of adaptability or pliability
The truth is outside of all fixed patterns

On consideration, knowing life has no fixed patterns could put me in the mood for gambling.

At this point it was dark out, and I noticed a strange red swirl in the road:
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Upon closer inspection, it was a revolving circle of LED lights in the middle of a small intersection. I still can’t divine its purpose, but it was pretty:
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An empty lot! The fact that it struck me as strange and a little mysterious showed me how used I’ve gotten to Seoul, where every inch of space is used:
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Monday, January 7 2013

Today I was to fly back to Korea to begin my second six-month stint as a tourist. I was anticipating a lot of hard questions, which gave my last day in Fukuoka a special poignancy. It felt like I was enjoying my last moments of freedom. This photo encapsulates it – the narrow plots stretching into the distance:
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While dragging my suitcase reluctantly along the even streets, I chanced upon a vintage Danish home furnishing store. I instantly wanted to furnish my house with everything inside this place. Well, and to have a house which I could furnish:
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I saw this logo on trucks, which makes me think it’s a very cute moving company:
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Those are green roofs:
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City hall has a forest on top. Birds were actually circling the trees before I took this photo:
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A James Brown monster:
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In the event, I got through customs without problems. I wore a tie: when travelling, it helps to look like a professional. This also helps me method-act, in this case making myself believe that I’m a professional-in-waiting, rather than an unemployed PhD living off a bank loan. The customs officer was polite, friendly and efficient, and I got back to Korea with a renewed resolve to find work, seek out new experiences and blog more.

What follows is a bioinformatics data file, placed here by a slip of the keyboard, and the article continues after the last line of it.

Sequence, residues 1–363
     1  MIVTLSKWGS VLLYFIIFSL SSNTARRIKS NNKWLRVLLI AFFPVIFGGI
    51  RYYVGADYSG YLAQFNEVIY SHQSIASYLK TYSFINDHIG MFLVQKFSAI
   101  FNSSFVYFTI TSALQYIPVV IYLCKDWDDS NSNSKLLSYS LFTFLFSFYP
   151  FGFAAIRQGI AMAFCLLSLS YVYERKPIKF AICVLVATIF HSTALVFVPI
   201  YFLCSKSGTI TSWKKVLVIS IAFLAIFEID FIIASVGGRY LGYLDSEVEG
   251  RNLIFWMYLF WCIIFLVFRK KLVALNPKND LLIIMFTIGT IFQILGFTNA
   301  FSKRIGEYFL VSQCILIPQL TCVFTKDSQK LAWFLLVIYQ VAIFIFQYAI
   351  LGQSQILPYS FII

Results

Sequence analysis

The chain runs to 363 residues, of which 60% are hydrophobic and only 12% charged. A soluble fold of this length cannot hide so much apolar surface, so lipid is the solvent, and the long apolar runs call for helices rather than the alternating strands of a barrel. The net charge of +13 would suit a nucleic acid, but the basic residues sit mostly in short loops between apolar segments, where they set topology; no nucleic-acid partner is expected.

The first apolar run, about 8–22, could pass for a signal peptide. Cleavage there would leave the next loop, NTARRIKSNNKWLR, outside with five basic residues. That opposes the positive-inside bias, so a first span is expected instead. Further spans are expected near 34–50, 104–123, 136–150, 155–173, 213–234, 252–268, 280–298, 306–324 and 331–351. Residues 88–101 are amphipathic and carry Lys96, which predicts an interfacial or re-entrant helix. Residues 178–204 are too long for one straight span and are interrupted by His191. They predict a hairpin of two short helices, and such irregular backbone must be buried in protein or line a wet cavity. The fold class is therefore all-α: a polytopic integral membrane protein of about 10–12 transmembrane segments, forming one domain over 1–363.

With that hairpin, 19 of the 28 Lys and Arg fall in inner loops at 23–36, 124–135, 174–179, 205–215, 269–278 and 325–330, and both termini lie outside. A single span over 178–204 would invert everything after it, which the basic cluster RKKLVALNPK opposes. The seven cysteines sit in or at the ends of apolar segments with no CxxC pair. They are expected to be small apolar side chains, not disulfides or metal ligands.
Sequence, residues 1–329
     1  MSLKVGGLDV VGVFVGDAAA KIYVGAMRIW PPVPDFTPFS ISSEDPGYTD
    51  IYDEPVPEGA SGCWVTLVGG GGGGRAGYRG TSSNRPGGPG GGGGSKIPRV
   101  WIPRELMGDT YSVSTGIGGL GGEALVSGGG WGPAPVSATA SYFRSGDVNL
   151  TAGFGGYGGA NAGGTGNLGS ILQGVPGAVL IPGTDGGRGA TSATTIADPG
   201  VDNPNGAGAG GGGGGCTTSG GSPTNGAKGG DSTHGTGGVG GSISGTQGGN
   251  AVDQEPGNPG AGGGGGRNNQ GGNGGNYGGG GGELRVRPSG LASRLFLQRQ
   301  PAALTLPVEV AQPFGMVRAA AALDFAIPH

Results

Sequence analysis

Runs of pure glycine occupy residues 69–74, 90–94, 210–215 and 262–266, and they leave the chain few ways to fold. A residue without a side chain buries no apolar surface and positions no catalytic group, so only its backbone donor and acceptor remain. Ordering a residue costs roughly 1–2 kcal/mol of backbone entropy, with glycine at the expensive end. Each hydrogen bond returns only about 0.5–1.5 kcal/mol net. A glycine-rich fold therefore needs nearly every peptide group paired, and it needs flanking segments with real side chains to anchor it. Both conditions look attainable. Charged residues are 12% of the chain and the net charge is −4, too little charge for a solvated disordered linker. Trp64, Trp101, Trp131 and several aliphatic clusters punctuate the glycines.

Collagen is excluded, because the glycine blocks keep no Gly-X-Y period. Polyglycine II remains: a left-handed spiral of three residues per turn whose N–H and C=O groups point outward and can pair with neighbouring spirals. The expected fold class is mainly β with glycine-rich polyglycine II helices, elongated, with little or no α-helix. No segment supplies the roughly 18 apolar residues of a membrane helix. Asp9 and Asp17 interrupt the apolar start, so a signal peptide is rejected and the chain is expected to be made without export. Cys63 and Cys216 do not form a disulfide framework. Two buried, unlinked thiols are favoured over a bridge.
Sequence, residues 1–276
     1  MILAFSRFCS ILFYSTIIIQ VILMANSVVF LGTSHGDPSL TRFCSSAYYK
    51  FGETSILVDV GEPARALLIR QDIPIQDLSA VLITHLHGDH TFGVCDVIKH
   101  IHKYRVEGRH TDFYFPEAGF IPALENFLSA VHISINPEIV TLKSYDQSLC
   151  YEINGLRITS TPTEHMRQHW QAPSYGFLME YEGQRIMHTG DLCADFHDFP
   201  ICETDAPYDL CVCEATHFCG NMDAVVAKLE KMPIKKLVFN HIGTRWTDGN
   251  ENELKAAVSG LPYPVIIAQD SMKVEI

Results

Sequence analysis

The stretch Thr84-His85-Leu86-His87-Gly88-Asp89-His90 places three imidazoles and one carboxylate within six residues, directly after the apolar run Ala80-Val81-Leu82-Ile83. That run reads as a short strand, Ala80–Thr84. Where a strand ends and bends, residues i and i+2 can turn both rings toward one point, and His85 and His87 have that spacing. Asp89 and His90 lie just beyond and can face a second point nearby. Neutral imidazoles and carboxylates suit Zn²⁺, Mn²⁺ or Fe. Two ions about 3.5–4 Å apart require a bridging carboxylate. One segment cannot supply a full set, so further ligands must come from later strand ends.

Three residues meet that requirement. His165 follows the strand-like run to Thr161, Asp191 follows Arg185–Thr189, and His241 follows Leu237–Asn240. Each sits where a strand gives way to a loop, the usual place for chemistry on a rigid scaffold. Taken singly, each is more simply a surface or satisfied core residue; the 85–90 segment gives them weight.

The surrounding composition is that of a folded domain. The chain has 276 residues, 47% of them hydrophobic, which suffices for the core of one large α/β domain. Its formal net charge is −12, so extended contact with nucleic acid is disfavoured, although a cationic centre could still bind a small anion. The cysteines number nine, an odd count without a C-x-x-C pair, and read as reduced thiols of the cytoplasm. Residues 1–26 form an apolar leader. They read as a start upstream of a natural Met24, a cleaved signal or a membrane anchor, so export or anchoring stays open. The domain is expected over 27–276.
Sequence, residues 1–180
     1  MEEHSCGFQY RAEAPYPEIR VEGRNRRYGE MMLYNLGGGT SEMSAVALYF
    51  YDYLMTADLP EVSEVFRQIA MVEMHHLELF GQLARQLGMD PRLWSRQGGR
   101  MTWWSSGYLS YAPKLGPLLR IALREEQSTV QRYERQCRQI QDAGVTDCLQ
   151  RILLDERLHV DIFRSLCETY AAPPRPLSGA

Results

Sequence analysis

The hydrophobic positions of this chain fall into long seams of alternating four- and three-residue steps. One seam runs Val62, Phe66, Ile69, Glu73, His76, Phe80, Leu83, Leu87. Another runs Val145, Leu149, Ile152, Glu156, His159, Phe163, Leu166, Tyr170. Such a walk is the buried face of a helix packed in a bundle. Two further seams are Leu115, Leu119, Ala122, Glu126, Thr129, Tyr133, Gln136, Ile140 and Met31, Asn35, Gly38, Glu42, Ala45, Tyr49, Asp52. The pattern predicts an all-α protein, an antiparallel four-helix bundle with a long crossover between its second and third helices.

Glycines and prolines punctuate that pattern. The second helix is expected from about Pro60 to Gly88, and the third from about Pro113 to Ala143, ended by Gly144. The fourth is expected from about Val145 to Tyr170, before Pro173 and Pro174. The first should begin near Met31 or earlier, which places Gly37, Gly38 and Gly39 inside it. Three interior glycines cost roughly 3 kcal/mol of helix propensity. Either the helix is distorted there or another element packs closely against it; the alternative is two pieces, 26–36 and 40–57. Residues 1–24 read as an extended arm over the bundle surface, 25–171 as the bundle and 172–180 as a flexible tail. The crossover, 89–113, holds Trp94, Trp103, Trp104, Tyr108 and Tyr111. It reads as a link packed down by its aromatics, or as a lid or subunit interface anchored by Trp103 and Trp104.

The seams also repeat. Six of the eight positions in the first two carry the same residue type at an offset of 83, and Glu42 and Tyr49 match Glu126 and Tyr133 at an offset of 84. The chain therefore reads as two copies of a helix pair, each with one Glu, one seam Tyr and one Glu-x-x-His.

Fukuoka, Japan – January 5, 2013, Part Two

To continue, my walking tour of Fukuoka. It was one of the easiest places to take pictures because Japanese design was everywhere, very well done and slightly off-kilter to my western sensibilities, even – particularly – when it used western motifs.

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This was a jazz bar I came across in my search for coffee. In fact, I was drawn to the coffee advertised; but when I came in I discovered a dark, leather-and-wood decorated cubbyhole lined with records. I ordered coffee and the proprietor set about making it on a small burner: it was just drip coffee but seemed to take an awful lot of work. In the meantime, cool jazz from the 50s and 60s played via a turntable, an expensive vacuum tube amp, and two giant, five-foot-high black speakers next to the door, which looked like they were suited to stadiums but provided remarkably clear, mellow tunes. It was one of the coolest bars I’ve been in, in a long time – sadly, it seemed the preserve of older men, a few of whom filtered in after 5pm and who seemed to be on good terms with the barman.

Suitably refreshed, and one bowl of udon noodles later, I found another multilevel mall, the bottom of which was an interesting retail concept:
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Different artists, some famous (I recognized Tofu Man on the right) and some not, had display sections. Their merchandise – iphone covers, badges, notepads, etc. – were standard, all made by the same company. At first glance everything looked riotously different, but on closer inspection there were only a few things to choose from.

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Contrary to the label, these were not union-made. At least, I don’t think so: I checked the label and they came from all over the world. Unless the manufacturer sourced union shops in China, Korea and elsewhere, it was just a marketing gimmick: they sold ‘tough’-looking goods. That was a first for me: unionization as marketable nostalgia.

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This was an interesting idea: retailers put a number of items in a bag, sealed it, told you in general terms how much each item would cost if bought separately, and then gave you 60% off if you bought the entire bag. But you couldn’t choose the items yourself. Apparently it’s met with mixed success.

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Judging by the decor, this is a love hotel. A very fancy, neon-y one.

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A Japanese cross between a Lada, Skoda and Mini.

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This was a bar; but the sign’s placement, font and neon reminded me of the 1930s. Or, more accurately, a contemporary statement on modernity, using 1930s themes.